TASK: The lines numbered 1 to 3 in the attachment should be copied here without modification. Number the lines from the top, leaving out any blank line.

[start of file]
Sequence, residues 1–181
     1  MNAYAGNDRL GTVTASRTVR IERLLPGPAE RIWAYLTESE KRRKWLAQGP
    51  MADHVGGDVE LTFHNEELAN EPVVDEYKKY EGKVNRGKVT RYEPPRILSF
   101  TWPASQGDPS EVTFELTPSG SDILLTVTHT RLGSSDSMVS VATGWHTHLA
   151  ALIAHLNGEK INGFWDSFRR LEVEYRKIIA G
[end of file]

Sequence, residues 1–181
     1  MNAYAGNDRL GTVTASRTVR IERLLPGPAE RIWAYLTESE KRRKWLAQGP
    51  MADHVGGDVE LTFHNEELAN EPVVDEYKKY EGKVNRGKVT RYEPPRILSF